Some astrophysicists believe that the galaxies we don’t or can’t see (because the space between us and them is expanding faster than the speed of light) would, at this reduced scale, make the entire universe (the visible and beyond) fifty miles in diameter or more. Light, believe it or not, stands still at this scale. No one could detect any movement at all of objects or light.
Even the faster-than-light expansion of the universe would be unobservable. According to physicist, Stephen Hawking, it takes a billion years for the universe to expand by ten-percent. Five miles (ten-percent of fifty) during a period of one billion years is seven-billionths of an inch per day. During a human lifetime it adds to two-thousandths of an inch (less than half the width of a hair). At the scale where the Milky Way Galaxy is the size of a quarter, the entire universe looks to be frozen solid during a human lifespan.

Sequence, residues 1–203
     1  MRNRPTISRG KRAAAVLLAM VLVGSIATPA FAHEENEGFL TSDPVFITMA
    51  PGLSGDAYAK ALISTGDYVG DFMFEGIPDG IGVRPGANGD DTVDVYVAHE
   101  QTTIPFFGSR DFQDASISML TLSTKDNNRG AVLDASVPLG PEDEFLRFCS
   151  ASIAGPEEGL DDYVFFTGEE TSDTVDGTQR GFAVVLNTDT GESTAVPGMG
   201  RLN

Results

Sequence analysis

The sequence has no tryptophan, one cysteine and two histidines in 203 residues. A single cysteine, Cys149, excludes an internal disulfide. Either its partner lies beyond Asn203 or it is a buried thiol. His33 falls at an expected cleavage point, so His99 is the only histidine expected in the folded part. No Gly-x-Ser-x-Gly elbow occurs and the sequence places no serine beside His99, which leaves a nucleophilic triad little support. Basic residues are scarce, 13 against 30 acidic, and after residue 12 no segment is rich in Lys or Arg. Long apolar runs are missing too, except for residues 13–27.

What about tiny things? To examine the scale of the very small we can imagine enlarging molecules—the building blocks of all things—to the size of the same period-sized dots. How tall might an average person be? After again plugging in the numbers and calculating, it turns out that a human stretches to a height of one-thousand miles. The eye expands to an orb fifteen miles across.
Molecules are small. But at this imagined scale—a scale which none but the most sophisticated instruments can discern—individual molecules become visible. They look like little dots separated by distances only a bit larger than the molecules themselves. Sadly, no one can see the individual atoms which make up the molecules. Even at this scale, they are too small.